(All information gathered for this post came from the Van Gogh Museum).
Happy Birthday, Vincent Van Gogh! Gogh was born today (March 30) in 1853.
I was going to write about Van Gogh’s life at first, but I thought it too generic of a post. Instead, I have decided to focus my writing on what I find inspiring about Van Gogh.
He Didn’t Find His Calling In Life Right Away.
“In the meantime, though, what should I do? What would you think best?” (Van Gogh to Theo, Brussels, 2 April 1881).
I always enjoy hearing stories about people who found their calling, and success, later in life. This gives me hope that my true calling is out there and there is still more to look forward to.
Though today Vincent Van Gogh is recognized as a talented painter, unfortunately, his fame came after his death. In fact, he didn’t really start focusing on painting until he was around 27. (Van Gogh Museum)
At an early age Van Gogh realized that school was not for him and he dropped out. He bounced around various job including working as a teacher’s assistance, as a bookseller and as a preacher. At the age of 24 friends and family of Van Gogh feared that he had no direction in life. (Van Gogh Museum)
At the suggestion of his brother, Theo, Van Gogh began focusing on painting and eventually it became obvious to Vincent that he had found his passion.
To me, Van Gogh serves as a reminder that there is no time limit to discover your talent and passions. Though society tells us that at a young age we have to have life figured out, this is not true. I remember being 18 and trying to figure out what I wanted to do in life, what I wanted to study, and where I wanted to go to college. I had no life experiences, but I was expected to make decisions that would affect me for the rest of my life. I don’t have everything 100% figured out yet, but I know I have time because of Van Gogh’s example.
Van Gogh also serves as a reminder that thinking, and times, change. While he was not an established artist when he was alive, today he is highly celebrated around the world. Whenever I feel like my ideas seem crazy to everyone else, or I will not accomplish anything, you never know what the future holds. Things can drastically change! Theyc can change in a moment, or in Van Gogh’s example, it can take DECADES. Either way, don’t give up, keep trying, keep “painting” like Van Gogh did.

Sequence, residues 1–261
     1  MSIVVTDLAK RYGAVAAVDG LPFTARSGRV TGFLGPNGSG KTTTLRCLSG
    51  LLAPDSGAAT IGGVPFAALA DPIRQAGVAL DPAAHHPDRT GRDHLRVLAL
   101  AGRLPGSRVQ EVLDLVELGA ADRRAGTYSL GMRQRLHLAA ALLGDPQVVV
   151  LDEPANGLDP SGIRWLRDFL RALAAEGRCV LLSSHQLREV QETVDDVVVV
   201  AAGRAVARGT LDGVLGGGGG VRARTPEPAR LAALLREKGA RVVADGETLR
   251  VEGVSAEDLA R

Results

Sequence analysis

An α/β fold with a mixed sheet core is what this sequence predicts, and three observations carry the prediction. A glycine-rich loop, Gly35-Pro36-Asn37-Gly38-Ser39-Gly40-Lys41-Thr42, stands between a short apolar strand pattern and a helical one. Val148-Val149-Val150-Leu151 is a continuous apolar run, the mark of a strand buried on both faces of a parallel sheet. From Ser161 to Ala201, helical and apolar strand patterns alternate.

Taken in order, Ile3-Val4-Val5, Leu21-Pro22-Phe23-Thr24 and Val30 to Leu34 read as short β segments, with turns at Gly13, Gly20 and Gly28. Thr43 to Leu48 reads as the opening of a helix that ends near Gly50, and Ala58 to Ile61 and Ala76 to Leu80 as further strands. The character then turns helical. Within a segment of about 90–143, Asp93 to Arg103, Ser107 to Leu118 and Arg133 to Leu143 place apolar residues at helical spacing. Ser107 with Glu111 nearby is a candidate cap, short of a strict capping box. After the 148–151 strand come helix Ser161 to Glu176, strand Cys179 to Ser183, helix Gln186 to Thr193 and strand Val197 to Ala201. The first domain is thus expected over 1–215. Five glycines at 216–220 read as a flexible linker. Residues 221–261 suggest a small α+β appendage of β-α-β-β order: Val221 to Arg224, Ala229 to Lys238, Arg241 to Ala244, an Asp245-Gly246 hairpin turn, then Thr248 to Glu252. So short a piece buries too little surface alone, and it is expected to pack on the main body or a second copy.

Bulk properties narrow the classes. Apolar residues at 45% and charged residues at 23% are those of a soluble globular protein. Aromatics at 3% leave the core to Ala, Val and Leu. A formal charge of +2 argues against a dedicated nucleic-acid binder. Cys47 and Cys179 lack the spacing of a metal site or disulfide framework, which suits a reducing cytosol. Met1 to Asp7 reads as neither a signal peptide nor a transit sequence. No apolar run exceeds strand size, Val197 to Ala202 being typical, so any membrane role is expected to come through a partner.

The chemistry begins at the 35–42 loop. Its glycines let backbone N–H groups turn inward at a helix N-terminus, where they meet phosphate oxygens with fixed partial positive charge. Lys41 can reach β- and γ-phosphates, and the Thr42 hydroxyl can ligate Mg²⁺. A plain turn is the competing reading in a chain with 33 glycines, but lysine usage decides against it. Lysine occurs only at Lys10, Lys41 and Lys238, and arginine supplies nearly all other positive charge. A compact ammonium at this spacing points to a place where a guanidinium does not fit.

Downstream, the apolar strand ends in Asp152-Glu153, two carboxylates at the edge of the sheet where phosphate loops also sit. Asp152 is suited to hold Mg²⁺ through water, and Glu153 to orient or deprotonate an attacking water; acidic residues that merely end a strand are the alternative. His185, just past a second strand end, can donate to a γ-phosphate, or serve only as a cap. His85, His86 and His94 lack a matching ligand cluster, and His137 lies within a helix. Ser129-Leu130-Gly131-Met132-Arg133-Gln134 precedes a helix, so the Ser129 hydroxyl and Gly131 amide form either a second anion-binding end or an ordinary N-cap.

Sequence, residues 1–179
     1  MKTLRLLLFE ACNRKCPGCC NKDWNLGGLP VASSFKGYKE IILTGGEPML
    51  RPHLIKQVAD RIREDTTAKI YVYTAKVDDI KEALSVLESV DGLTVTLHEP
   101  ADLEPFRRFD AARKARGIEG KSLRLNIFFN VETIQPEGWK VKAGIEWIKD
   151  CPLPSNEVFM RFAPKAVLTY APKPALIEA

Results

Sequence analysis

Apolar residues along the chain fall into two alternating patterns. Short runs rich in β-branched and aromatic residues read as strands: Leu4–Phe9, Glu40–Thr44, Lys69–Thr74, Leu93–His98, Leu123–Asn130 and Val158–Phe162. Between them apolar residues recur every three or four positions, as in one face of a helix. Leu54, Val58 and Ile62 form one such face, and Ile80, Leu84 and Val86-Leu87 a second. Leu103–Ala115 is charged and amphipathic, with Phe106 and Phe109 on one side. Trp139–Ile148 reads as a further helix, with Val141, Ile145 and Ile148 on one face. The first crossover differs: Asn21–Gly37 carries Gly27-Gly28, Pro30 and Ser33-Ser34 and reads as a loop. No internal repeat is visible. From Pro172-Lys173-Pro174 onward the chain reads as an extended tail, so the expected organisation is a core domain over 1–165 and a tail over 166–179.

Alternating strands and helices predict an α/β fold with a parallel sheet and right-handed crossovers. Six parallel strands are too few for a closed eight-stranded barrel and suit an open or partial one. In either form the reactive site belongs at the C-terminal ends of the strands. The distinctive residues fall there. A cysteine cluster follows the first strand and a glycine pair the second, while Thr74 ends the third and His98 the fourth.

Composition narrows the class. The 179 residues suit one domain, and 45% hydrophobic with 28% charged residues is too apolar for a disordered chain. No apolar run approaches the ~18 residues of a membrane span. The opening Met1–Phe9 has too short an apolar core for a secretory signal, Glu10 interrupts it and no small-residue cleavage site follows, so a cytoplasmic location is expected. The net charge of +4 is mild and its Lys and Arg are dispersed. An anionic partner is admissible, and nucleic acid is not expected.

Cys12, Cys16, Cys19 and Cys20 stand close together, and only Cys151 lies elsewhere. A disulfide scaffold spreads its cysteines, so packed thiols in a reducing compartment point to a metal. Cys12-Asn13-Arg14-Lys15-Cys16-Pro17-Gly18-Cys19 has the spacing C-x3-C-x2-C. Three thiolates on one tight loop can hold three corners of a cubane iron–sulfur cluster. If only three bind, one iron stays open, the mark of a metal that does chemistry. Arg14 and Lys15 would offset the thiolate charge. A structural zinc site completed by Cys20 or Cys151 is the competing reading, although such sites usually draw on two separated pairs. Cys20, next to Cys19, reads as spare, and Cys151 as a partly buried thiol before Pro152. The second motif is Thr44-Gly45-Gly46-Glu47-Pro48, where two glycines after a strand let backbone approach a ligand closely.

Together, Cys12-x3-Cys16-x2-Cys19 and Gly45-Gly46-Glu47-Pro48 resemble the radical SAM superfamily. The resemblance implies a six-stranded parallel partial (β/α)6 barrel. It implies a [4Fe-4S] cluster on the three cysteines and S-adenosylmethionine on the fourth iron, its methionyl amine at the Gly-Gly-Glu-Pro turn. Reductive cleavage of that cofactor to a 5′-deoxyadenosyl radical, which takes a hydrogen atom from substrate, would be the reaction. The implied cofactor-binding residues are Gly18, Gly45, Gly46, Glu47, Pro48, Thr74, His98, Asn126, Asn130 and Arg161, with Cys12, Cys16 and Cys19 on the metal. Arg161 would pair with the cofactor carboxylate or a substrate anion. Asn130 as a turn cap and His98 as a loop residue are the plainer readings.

A Person is More than Their Mental Illness.
“I well knew that one could break one’s arms and legs before, and that then afterwards that could get better but I didn’t know that one could break one’s brain and that afterwards that got better too” (Vincent Van Gogh. To Theo from Arles, 28 January 1889)
Living with a mental illness is a challenge. I personally know. It’s easy to fall into the trap of identifying yourself, and others, by their illness. But a person is way more than their illness.
Many people know that Van Gogh struggled with a mental illness. The first clear sign was when he cut his hear off. Days leading up to the infamous event, friends of Van Gogh notice that the artist was agitated. One of his friend, and roommate, threatened to leave Van Gogh. This did not sit well with Van Gogh so he threaten his friend with a knife, but ended up using the knife on himself and cut his ear. (Van Gogh Museum)
After he cut off his hear he was sent to a psychiatric hospital, where he stayed for months. He would write letters to his brother that described both good days and bad days.
Eventually he was released, but his mental health continued to be unstable. He had to be admitted again to the psychiatric hospital. During his second visit, he painted 150 works!
Again he was eventually released from the hospital for a second time. Unfortunately his time away form the hospital would end in tragedy. Van Gogh would later commit suicide.
What caused the artist to commit suicide? We will never know but it is widely believed that his mental illness, belief that he was a failure and worries about the future lead to his tragic end. For example, Theo, Van Gogh’s brother, shared with Vincent that he was thinking about leaving his job at the art gallery where he had worked for years. For Vincent, this created the profound worry of money problems because he relied on his brother for financial support. It is believe that the anxiety overwhelmed Vincent and this lead him to commit suicide.
I can only image what is what like living with a mental illness during Van Gogh’s time. Though we have come a long way in modern times about understanding mental illness, and taking strives to end the stigma that still surrounds it today, life was different back then. When Van Gogh was admitted to the psychiatric hospital the first time they diagnosed him as having “madness”, not a term that is used today because of the major stigma it enforces. Of course they didn’t have the medical knowledge, or resources, to properly treat and diagnose Van Gogh. This must have been a huge struggle for Van Gogh daily.
Though he struggled with his mental health, he is not defined by his mental illness. People first think of him as an artist, and they should. Van Gogh was an artist and used his passion to express himself, even when he was in the depths of his illness. This helps remind me that I still have passions, talents and I am NOT define by my mental illness. I am more. Van Gogh was more.
I am also happy that Van Gogh sought treatment for his mental illness. Today, even with our medical advances and improved attitudes on mental illness, people are still afraid and ashamed to seek the help they need. The stigma, and shame, was probably worse back then but Van Gogh still went. He went twice! If Van Gogh can seek treatment for mental illness so can you! So can anyone.
I’m happy that the Van Gogh Museum has other articles related to Van Gogh’s mental health:
Thank you Van Gogh for inspiring me and others.
(All information gathered from the Van Gogh Museum)
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